Creams, Scrubs, Masks... Are Men Really Opposed To Using Cosmetics?
Creams, Scrubs, Masks... Are Men Really Opposed To Using Cosmetics?
Creams, Scrubs, Masks... Are Men Really Opposed To Using Cosmetics?
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Creams, Scrubs, Masks... Are Men Really Opposed To Using Cosmetics?

There are all kinds of advertisements for men's moisturizers, facial cleansers, and scrubs on television, on the Internet, and on the street. However, the use of beauty products has often been perceived as strictly feminine. Has this changed? Or do these stereotypes persist?

A thriving market. According to research firm Euromonitor International, the global men's care market should reach 60.7 billion dollars in 2020 (about £47 billion) -- three times more than in 2015, as reported by Fashion Network, a fashion, luxury, and beauty news website.

In France alone, the self-care market reached 1.843 billion dollars (£1.425 billion), a 0.2 increase since 2018. And, within two years, annual growth should go from 1 to 2.3%, they say.

These statistics reflect the observations made by men who were asked about their self-care routines: more and more men use cosmetics regularly, either buying them or making them at home. Indeed, there are recipes to make your own deodorant, shaving foam or beard oil, to name a few.

Many men use products daily

Besides the usual toothpaste, deodorant, and cologne you'll find in most bathrooms, men seem to be buying or making more and more products for their face and body, as well as their hair.

' use four products: an exfoliating mask, shaving gel, after-shave, and body lotion,' explains Josué, 28, in an interview for Gentside. The same is true for 27-year-old Yohan, who is also very comfortable talking about cosmetics. “' put a cream on my face every day, I make masks, and I use shampoo, scrubs, face and hand lotion, even chapstick,' he told us.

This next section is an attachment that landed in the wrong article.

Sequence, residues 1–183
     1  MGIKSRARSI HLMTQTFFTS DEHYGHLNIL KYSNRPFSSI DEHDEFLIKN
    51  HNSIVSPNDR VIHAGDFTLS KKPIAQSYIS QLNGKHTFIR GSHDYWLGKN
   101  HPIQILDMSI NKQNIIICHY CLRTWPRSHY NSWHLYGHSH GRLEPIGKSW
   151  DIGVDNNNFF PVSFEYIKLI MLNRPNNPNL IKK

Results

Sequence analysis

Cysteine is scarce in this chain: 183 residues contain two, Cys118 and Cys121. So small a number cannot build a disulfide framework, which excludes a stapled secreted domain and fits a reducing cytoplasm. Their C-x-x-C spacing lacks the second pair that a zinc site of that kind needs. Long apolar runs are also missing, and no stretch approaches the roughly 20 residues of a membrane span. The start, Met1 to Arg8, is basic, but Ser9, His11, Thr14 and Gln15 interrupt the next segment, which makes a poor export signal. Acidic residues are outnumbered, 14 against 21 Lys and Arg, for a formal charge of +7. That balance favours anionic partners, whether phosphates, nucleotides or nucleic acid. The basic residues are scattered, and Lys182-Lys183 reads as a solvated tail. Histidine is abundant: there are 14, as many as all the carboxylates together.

Age and relationship status are important factors

From a young age, many men got into the habit of using beauty products, but they often boiled down to the essentials. It took a few years for them to realize how much they needed them.

For some, living with a significant other was the catalyst.

I started living alone and bought fewer products but I used my girlfriend's a lot because I didn't really know what to buy. I was curious. Now, I have my own, I have a better idea of what works for me,' says Théo, 24.

For others, the desire to pamper themselves or to have some me-time led them to buy self-care products.

'It’s mostly about pleasure. Taking care of yourself boosts your mood and your self-confidence," said Jordan, 25. Josué said his beauty routine has become “one of his favourite parts of the day.'

Still, some stereotypes persist

Despite the progress we've seen, some stereotypes about men's beauty die hard. And certain preconceived notions hold some people back from using cosmetics.

'I think you can easily be dubbed metrosexual,' said Quentin, 26. Yohan said the same. 'I'm not always open about it because I'm afraid I'll be considered metrosexual or girly.'

Fortunately, most men recognize that these stereotypes are losing their power in society and some men have contributed to this in recent years. Théo summed it up so well: 'Just do what you want.'

By Nancy Youm
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